Knowledge, Humanity, Religion, Culture, Tolerance, Peace

Israelis &Christians

Israel: Attitudes toward Christians
Jewish Israelis are very diverse. In a nation whose immigrants come from countries and cultures far and wide, pluralism often refers to tolerance among different cultural groups of Jews. But diversity discourse in Israel differs considerably when it comes to interaction with non-Jewish groups. Rival historic, religious and national narratives make real diversity a tough principle to practice. Most Christians in Israel are Arabs, a minority within a minority squeezed between different layers of conflict. Christians account for2.1% of the population. Israel's non-Arab Christians are mainly immigrants from the former Soviet Union, foreign workers, resident clergy and even Catholic Jews. And Jewish Israelis don't quite know how to perceive any of them -- for cultural, national and religious reasons. Fifty-two percent of Jewish Israelis have no Christian friends or acquaintances, but almost 100% of them have opinions about them.
A recent poll surveyed attitudes among the adult Jewish population toward Christians, Christianity and the Christian presence in Israel. The results of the survey, carried out by the JerusalemCenter for Jewish-Christian Relations (JCJCR) and the Jerusalem Institute for Israel Studies (JIIS), shed light on how Jewish Israelis perceive Christians and what they know about them, or think they do know. Generally, most answers showed that the higher the level of religious observance, the more negative the attitude toward Christians. Such attitudes also were seen the lower the level of age, income and education.
The following numbers mostly refer to the overall sample, but keep in mind the observance breakdown of the respondents: 23% Orthodox, 24% traditional and 53% secular. 54% of the Jewish population think it is necessary to teach about Christianity in schools, including 25% of Orthodox Jews. But only 37% believe it's necessary to teach about the New Testament. 42% believe Christianity is closer to Judaism than Islam. A total of 32% believe Islam is closer.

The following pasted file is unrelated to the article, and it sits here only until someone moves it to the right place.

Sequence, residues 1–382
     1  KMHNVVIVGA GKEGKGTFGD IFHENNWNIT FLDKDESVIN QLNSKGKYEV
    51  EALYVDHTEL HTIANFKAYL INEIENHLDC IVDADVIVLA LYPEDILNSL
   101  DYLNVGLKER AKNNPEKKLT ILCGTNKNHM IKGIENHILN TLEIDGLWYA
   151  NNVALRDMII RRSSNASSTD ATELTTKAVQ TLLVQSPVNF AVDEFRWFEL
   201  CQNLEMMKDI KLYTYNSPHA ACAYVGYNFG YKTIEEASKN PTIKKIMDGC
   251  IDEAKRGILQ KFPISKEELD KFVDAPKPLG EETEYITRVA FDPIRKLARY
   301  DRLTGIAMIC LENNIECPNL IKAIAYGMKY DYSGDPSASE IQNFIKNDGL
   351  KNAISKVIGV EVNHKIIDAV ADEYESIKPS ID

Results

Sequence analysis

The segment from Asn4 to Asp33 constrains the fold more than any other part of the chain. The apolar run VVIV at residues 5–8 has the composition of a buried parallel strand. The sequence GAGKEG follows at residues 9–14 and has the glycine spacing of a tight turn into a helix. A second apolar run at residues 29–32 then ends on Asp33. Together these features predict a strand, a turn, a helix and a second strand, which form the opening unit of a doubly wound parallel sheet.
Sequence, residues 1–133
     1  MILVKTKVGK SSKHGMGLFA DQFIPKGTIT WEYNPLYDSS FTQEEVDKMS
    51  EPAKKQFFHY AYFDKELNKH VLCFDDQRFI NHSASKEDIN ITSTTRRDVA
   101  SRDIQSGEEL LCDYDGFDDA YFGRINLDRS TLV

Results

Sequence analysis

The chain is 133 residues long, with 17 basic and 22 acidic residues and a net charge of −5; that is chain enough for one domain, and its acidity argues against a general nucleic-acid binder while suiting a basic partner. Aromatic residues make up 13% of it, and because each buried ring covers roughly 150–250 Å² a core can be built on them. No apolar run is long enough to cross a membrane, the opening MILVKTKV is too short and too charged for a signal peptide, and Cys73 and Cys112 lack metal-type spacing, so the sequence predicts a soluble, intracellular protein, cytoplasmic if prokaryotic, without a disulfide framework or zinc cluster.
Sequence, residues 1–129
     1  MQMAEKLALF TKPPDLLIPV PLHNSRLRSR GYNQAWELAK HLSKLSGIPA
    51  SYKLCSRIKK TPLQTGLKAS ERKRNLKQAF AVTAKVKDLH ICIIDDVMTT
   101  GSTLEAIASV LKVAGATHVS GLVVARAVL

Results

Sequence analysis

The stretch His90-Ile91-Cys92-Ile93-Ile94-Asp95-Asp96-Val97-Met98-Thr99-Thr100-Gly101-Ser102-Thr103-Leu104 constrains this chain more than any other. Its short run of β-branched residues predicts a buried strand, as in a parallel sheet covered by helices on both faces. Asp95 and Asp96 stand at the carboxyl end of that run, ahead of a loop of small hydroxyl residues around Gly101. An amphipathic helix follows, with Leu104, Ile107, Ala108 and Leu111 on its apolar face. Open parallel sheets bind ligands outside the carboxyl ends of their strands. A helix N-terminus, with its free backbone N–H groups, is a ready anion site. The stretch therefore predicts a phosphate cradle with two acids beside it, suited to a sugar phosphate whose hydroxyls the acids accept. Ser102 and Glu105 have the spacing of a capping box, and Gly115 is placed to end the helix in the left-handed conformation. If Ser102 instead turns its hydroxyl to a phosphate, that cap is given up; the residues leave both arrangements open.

The breakdown of religious observance is interesting here, with 49% of Orthodox Jews believing   Islam is closer and only 17% believing that Christianity is. But 54% of secular Jews believe Christianity is closer and 22% that Islam is. 41% agreed very much or largely with the claim that "Christianity is an idolatrous religion," including 24% of secular and 78% of Orthodox Jews. 37% believe it is forbidden for a Jew to enter a church, with the predictable observance differential. Still, the percentage of people who say they do not enter churches in practice is lower (29%) than those who believe it's forbidden. 23% are greatly or significantly bothered when meeting in the street a Christian wearing a cross, including 8% of secular respondents and 60% of Orthodox Jews.
This was an issue during the papal visit: Shmuel Rabinowitz, rabbi of the Western Wall, had asked that the pope remove or at least cover his cross when visiting the site. He didn't. Rabinowitz said he felt the same way about a Jew entering a church with a prayer shawl and phylacteries. Chief Sephardic Rabbi Shlomo Amar responded by wearing a chain with a pendant depicting the tablets of the Ten Commandments when he met the pope Tuesday. And here's one that says a lot: 46% do not agree that Jerusalem is a central city for the Christian world, including 31% of secular and 67% of Orthodox Jews. 21% agree with the claim that all or most Christians want to convert Jews to Christianity, including 14% of secular and 43% of Orthodox Jews. 39% believe the attitude of the Roman Catholic Church to Judaism and Jews is positive. 58% believe there has been a change for the better in the church's attitude toward Jews in the last 50 years. Nearly 20% had no opinion on this one. 55% say it is acceptable for Jewish organizations to receive financial assistance from Christian religious bodies, including 70% of secular and 20% of Orthodox Jews. 41% of the population said it was unacceptable.